1. The income of a registered home ownership savings plan;
    2. Income of the National Social Security Fund;
    3. Investment income of a pooled fund or other kind of investment consisting of retirement schemes whose constituent schemes are registered by the Commissioner;
    4. Interest income accruing from listed bonds, notes or other similar securities used to raise funds for infrastructure and other social services with a maturity of at least three years;
    5. Interest income accruing from listed bonds, notes or similar securities used to raise funds for infrastructure, projects and assets defined under Green Bonds Standards and Guidelines, and other social services with a maturity of at least three years; and
    6. Monthly or lump sum pensions granted to a person who is sixty-five years of age or more; and
    7. Interest earned on deposits in a registered homeownership plan up to a maximum KES 3,000,000 are exempt to tax.

The repeal of preferential corporation tax rates for newly listed companies has been retained in the Act.

Putting it into Perspective

The maintenance of the above provisions is welcome but it is clear that there are other amendments which were included in the Bill that are counterproductive for certain industries and may not provide the right stimulus post the pandemic.

The change in respect of principal private residence being exempt from capital gains tax is an important one as its removal would have had a detrimental impact on the housing industry and discouraged home ownership.

Similarly reinstating the exemption from tax on interest earned from infrastructure and green bonds is a positive move; keeping mind that the Government is likely to issue more of such bonds, and there was some confusion as to the possibly retroactive applicability of the removal of the exemption on existing infrastructure bonds!

Value Added TAX

  1. The following items that the Bill had proposed to remove from the exempt schedule have been retained and the items thus remain exempt from VAT, which is quite welcome:
    1. fertilisers;
    2. taxable supplies for the construction of liquefied petroleum gas storage facilities;
    3. specialised equipment for the development and generation of solar and wind energy, including deep cycle batteries which use or store solar power;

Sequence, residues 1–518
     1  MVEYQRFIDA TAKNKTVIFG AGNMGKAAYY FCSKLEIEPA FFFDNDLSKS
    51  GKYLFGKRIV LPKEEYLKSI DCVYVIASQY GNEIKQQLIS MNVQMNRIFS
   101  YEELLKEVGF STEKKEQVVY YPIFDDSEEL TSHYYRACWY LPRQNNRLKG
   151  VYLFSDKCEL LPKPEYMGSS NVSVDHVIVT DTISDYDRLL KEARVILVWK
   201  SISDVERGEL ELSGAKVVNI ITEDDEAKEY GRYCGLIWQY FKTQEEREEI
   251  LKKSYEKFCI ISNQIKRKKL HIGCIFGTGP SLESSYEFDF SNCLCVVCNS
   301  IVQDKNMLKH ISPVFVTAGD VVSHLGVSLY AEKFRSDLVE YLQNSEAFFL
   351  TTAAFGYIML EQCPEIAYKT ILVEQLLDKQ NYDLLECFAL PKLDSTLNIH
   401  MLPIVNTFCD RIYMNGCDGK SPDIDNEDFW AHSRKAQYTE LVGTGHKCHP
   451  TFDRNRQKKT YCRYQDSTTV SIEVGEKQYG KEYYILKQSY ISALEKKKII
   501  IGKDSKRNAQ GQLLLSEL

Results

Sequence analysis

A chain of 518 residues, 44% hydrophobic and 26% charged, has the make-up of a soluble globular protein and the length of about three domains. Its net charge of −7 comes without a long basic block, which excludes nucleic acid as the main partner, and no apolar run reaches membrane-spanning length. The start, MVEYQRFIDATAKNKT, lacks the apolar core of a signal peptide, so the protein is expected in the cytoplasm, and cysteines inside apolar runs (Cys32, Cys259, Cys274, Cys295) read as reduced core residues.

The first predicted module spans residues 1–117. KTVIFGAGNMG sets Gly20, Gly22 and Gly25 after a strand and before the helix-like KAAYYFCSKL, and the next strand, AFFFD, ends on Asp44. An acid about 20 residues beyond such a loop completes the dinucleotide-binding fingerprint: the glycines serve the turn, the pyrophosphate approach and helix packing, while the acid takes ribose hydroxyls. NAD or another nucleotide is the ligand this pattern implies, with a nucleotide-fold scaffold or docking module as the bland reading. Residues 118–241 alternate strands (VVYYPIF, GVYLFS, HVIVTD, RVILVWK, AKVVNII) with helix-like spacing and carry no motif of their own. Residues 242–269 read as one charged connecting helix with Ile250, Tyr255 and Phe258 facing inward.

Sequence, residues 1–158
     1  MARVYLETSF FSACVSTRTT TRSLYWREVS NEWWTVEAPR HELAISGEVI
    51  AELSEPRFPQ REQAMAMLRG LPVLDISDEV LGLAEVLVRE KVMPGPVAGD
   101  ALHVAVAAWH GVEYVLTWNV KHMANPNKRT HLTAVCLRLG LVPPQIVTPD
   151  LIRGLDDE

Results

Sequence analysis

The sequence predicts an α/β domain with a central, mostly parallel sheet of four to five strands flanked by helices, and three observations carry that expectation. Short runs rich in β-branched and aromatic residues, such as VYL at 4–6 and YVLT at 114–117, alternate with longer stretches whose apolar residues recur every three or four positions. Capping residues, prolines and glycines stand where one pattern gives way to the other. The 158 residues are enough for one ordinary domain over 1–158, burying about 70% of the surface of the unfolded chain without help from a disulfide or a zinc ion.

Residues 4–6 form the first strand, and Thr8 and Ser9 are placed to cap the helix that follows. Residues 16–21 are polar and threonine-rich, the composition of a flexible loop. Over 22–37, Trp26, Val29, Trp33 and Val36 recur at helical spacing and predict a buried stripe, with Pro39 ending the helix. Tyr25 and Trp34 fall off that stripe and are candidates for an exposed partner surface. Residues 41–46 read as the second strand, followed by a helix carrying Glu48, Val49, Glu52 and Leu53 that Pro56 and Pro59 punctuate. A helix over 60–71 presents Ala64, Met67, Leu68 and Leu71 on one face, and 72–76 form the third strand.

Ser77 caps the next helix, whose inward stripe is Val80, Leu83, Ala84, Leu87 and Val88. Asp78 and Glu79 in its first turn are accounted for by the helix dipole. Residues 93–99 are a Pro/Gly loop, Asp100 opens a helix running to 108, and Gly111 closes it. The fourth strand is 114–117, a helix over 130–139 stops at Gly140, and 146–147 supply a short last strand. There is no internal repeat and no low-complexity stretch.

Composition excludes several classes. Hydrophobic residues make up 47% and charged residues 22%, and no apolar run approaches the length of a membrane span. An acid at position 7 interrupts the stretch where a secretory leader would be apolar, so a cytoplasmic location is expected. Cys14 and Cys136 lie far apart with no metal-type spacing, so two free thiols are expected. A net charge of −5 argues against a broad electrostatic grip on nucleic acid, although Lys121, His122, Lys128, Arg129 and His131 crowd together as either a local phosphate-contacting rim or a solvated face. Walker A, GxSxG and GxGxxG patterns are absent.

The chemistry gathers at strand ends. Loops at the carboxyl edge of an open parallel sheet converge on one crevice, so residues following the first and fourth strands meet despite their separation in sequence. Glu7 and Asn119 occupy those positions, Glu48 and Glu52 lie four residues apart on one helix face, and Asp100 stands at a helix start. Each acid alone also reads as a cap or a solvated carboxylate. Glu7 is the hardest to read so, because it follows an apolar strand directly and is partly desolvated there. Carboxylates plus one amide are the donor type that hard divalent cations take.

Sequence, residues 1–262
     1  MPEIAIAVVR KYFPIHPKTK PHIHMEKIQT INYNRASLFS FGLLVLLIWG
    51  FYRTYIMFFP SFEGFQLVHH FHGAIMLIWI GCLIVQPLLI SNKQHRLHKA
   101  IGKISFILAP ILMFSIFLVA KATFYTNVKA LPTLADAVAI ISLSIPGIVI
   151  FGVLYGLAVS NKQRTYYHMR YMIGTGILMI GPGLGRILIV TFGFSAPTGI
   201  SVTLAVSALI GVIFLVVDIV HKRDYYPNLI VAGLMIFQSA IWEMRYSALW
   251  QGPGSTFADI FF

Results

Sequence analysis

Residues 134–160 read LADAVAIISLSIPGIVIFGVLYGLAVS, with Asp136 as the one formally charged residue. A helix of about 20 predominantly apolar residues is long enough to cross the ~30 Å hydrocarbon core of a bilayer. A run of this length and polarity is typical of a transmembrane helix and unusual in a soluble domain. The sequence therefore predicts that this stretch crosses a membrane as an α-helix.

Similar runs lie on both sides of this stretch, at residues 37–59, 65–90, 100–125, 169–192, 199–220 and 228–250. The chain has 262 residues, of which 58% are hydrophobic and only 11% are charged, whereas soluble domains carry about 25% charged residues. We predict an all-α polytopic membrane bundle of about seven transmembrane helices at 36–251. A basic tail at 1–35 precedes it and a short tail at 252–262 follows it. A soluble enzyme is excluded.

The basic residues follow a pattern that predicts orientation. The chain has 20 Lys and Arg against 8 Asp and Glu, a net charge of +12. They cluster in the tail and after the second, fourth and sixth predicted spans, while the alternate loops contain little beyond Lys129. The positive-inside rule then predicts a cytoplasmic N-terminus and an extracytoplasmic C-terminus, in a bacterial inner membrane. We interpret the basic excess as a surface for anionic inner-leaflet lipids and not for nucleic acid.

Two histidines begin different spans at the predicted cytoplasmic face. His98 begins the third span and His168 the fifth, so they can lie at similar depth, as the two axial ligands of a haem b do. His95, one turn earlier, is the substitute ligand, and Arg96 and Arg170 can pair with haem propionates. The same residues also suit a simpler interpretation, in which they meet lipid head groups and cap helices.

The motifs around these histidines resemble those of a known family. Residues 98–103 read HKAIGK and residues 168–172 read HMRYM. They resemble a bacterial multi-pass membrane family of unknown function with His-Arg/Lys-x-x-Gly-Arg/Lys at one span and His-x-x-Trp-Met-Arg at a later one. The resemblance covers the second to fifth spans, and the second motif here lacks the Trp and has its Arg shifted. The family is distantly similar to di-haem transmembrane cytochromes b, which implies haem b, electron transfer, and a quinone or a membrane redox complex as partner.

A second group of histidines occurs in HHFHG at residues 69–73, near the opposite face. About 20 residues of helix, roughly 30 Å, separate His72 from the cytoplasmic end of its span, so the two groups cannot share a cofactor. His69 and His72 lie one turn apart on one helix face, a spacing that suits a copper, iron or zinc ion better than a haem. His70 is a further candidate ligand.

4. entry fees into national parks and national reserves/services of tour operators, excluding in-house supplies;
    5. inputs or raw materials supplied to solar equipment manufacturers for manufacture of solar equipment or deep cycle-sealed batteries which exclusively use or store solar power;
    6. plant, machinery and equipment used in the construction of a plastics recycling plant;
    7. helicopters, aeroplanes, other aircraft of unladen weight not exceeding 2,000 kg as well as other ground flying trainers and parts of aeroplanes and helicopters;
    8. made up fishing nets of man-made textile material of tariff number 5608.11.00;
    9. mosquito nets of tariff number 6304.91.10;
    10. materials, waste, residues and byproducts, whether or not in the form of pellets, and preparations of a kind used in animal feeding;
    11. tractors other than road tractors for semitrailers;
    12. inputs or raw materials locally purchased or imported by manufacturers of agricultural machinery and implements upon approval by the Cabinet Secretary for Industrialization; and
    13. inputs for the manufacture of pesticides.
  1. The following items that were proposed to be classified as exempt by the Bill have been moved back to zero rated, which is a welcome move:
    1. ordinary bread; and
    2. milk and cream, not concentrated nor containing added sugar or other sweetening matter of the specified tariffs.
  1. The following items that the Bill had proposed to remove from zero rating have been retained as zero rated:
    1. agricultural pest control product;
    2. inputs or raw materials for electric accumulators and separators including lead battery separator rolls whether or not rectangular or square supplied to manufacturers of automotive and solar batteries in Kenya; and
    3. taxable goods supplied to marine fisheries and fish processors upon recommendation by the relevant state department

Putting it into Perspective

The above are all welcome moves.  The reinstatement of agricultural products such as pesticide and machinery is important given the contribution of this sector to Kenya’s economy.  Similarly, reinstating the construction of liquefied petroleum plants and entry to national parks will benefit sectors that will need revival post the pandemic.

Reinstating bread and milk to zero rating will allow suppliers to claim refunds for their excess input tax and should result in prices being maintained for what are essential products.

Excise duty

The Bill had amended the provisions relating to the import of sugar confectionery and white chocolate by exempting them from Excise Duty.  This amendment has been reversed.

Putting it into Perspective

There is no reason for exempting these products from excise duty and this reversal is the correct move.

Miscellaneous fees and levies

The Bill had sought to remove the limit on project value of KES 200 million that had been set for exemption from Railway Development Levy (“RDL”) and allow the Cabinet Secretary responsible for the National Treasury to determine exemption on all RDL if it was in the public interest.  This has been reversed in the Act.

Putting it into Perspective

There was no reason to remove the set limit and the reversal seems to be the correct move.


The following new measures have been introduced in the Act:

Value added tax

The Act now exempts supplies of personal protective equipment, including facemasks, for use by medical personnel in registered hospitals and clinics, or by members of the public in the case of a pandemic or a notifiable infectious disease.

Putting it into Perspective